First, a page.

Boxer recently wrote a letter to Janet Napolitano, president of the University of California, asking her to voluntarily adopt the provisions in the bill: “I am working hard to pass the SOS Campus Act in Congress, but our students cannot afford to wait another minute for that to happen.”

Hold Accountable and Lend Transparency on Campus Sexual Violence Act (HALT Act)

Introduced by Representatives Jackie Speier and Pat Meehan, the HALT Act — like CASA — would improve transparency around campus sexual assault and increase the sanctions for schools violating student’s Title IX civil rights.

The HALT Act would require public disclosure of resolution agreements and program reviews from Title IX investigations and create mandatory climate surveys (the first of which would have to be administered no later than April 1st, 2015). It would also create a Campus Sexual Violence Task Force that would, among other things, publish an annual report on these issues.

With the praise of some and the condemnation of others, the bill would also create much stronger sanctions for non-compliant schools. It gives the Office of Civil Rights the ability to levy fines, “the amount of which shall be determined by the gravity of the violation.” It also gives students a private right of action. In other words, students could sue schools directly without going through the Department of Education’s Office of Civil Rights.

New Training Materials

The White House’s Not Alone report promised a host of new training materials and information on best-practices for this fall. Below is a list of what we can expect:

  • This Fall — “the CDC, in collaboration with the Justice Department’s Office on Violence Against Women and the Department of Education, will convene a panel of experts to identify emerging, promising practices to prevent sexual assault on campus.”
  • September — “the Justice Department’s Center for Campus Public Safety will develop a training program for campus officials involved in investigating and adjudicating sexual assault cases.”
  • December — “the Department of Education, through the National Center on Safe and Supportive Learning Environments, will develop trauma-informed training materials for campus health center staff.”

We look forward to the release of these materials, which should prove valuable to schools trying to develop and improve their comprehensive awareness and prevention programs.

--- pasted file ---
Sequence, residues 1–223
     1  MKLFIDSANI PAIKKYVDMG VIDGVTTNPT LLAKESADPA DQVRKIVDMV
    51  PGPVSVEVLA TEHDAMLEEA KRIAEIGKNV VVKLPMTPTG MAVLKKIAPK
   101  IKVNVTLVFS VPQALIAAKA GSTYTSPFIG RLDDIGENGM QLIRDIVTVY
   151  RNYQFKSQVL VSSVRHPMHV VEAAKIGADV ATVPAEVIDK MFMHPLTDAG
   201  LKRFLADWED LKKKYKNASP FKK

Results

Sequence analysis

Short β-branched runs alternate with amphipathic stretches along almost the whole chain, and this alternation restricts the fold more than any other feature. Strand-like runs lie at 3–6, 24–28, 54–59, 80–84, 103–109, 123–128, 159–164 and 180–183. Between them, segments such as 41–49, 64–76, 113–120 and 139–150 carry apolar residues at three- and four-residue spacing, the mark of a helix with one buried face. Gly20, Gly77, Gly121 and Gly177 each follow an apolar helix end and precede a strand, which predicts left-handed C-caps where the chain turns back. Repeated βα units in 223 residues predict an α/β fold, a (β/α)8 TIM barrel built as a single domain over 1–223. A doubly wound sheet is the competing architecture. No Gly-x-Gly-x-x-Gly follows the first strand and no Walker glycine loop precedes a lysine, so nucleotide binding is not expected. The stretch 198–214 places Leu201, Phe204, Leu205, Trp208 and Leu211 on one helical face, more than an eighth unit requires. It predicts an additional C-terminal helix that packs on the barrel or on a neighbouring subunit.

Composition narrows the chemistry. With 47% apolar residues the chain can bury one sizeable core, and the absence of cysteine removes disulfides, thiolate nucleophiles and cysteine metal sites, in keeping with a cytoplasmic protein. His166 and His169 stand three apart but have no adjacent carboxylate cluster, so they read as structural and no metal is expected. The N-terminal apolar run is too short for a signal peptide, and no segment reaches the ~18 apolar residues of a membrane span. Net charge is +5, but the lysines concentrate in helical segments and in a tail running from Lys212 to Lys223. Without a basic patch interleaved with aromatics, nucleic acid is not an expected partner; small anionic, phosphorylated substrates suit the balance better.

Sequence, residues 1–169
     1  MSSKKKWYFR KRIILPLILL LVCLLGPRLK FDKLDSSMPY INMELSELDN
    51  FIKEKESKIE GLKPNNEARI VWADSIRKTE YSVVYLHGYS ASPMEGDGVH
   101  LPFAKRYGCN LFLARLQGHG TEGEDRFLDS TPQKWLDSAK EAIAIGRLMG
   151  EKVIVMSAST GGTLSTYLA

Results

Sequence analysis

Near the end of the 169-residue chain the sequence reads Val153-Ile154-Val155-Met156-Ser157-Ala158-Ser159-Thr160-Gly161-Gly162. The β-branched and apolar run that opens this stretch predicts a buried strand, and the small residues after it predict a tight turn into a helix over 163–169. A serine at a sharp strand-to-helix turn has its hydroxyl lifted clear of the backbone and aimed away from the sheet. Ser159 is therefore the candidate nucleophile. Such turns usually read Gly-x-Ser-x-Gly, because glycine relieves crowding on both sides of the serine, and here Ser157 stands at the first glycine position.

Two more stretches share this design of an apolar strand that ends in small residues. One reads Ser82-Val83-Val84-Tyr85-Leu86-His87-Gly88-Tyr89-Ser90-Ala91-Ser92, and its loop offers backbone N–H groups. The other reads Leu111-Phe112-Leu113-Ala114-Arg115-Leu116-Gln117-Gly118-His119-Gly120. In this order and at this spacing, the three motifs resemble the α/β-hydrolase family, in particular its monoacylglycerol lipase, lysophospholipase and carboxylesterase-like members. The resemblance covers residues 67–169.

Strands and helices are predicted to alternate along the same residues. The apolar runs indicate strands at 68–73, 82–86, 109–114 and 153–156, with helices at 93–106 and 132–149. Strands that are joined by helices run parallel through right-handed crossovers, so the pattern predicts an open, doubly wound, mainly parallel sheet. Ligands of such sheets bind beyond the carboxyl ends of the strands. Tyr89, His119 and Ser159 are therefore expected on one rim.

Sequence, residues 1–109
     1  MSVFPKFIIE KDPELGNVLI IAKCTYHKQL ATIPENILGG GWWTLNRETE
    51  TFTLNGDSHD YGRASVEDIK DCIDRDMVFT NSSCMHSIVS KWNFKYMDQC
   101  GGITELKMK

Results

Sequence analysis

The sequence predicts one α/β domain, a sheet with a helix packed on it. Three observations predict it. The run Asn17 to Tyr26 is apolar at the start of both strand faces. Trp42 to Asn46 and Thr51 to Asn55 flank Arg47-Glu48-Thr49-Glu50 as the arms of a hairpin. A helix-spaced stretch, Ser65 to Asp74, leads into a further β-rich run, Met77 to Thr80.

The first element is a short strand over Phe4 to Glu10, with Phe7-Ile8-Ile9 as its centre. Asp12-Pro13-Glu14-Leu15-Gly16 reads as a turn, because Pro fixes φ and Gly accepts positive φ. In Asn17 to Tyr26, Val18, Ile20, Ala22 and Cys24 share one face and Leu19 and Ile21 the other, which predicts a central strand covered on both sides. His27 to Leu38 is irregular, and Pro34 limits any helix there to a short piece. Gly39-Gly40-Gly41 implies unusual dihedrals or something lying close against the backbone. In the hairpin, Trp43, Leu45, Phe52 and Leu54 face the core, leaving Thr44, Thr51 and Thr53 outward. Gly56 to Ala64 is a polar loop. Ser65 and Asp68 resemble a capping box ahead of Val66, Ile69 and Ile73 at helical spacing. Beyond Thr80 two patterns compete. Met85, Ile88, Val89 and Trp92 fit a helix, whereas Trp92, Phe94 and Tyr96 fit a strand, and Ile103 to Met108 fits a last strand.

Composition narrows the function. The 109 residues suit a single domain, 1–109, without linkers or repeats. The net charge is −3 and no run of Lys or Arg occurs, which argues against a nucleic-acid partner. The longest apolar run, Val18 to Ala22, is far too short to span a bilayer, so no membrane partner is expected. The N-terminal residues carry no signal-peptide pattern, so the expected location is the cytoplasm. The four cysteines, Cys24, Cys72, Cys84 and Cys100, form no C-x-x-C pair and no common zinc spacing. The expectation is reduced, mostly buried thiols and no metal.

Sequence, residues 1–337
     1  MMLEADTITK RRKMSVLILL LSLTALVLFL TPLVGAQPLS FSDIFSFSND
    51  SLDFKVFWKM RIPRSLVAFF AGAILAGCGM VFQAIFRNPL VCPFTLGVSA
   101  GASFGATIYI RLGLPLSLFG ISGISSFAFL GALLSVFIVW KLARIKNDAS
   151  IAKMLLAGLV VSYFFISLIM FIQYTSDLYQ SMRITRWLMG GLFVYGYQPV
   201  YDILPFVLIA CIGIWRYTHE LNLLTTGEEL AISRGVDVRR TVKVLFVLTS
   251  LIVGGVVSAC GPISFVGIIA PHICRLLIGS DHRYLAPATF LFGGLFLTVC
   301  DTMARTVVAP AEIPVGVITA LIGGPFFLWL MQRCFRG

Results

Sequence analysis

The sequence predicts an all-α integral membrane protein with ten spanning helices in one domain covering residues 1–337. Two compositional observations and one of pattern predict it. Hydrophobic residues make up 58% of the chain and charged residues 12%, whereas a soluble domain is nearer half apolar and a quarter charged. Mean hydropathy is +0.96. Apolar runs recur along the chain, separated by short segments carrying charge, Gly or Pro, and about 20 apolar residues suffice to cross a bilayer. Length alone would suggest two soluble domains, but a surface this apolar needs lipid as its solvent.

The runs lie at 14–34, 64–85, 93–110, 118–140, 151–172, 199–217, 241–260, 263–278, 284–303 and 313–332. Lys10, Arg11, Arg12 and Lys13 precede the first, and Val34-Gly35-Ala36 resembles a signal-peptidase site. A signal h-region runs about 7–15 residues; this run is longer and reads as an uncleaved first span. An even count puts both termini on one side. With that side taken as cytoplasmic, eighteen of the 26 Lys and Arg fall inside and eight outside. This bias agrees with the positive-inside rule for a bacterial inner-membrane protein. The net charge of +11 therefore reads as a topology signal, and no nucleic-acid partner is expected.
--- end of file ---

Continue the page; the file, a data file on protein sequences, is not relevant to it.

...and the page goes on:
Even without the passage of any new legislation, new federal regulations, along with the recommendations and workshops, should provide schools with a strong set of requirements and best practices that will help them change campus culture to eliminate sexual violence.

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Free Poster on the Campus SaVE Act
Posted by On Wednesday, August 6, 2014

Campus SaVE Act Any effort to eliminate campus sexual violence must involve creating and fostering a campus environment where survivors feel comfortable and confident reporting an incident. Unfortunately, according to the Campus Sexual Assault Study, only 5% of campus sexual assaults were reported to the police or campus security. Many students said that they weren’t sure how to report, didn’t want anyone to find out, or were worried that their complaint wouldn’t be taken seriously.

To create a supportive environment, the first step is to educate students, staff, and faculty about these issues and their respective roles and responsibilities — a fact recognized by recent proposed legislation andthe Campus SaVE Act enacted in 2013. Both require schools to educate students and employees on recognizing, reporting, and preventing sexual violence.

This poster helps promote awareness about the Campus SaVE Act and outlines what faculty, staff, and students need to know to fulfill their role in helping to create a safe campus community.

Download the poster here.

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DCL: Good Faith Effort to Comply Required
Posted by On Tuesday, July 15, 2014

On Monday, July 14, 2014, the ED issued a Dear Colleague Letter because they “have received numerous inquiries from institutions asking us to clarify their responsibilities under the Clery Act, as amended by VAWA.” This guidance repeats ED statements from May 2013 with a bit more clarity: “until final regulations are published and effective, institutions must make a good-faith effort to comply with the statutory provisions as written.”

The ED’s guidance says good faith compliance with amendments to the Clery Act, which include the Campus SaVE Act, requires institutions to expand their policies to describe the procedures and programs that satisfy those new requirements. For example, the Campus SaVE Act requires each school to have a policy that describes the procedures that will be followed when a student reports a sexual assault incident and what standard of evidence will be used to decide an accused student’s responsibility for the assault.

Therefore, the ED will be looking for information in the policy statement submitted with a school’s October 2014 Annual Security Report that satisfies all of the requirements in the Campus SaVE Act, including a description of its prevention program.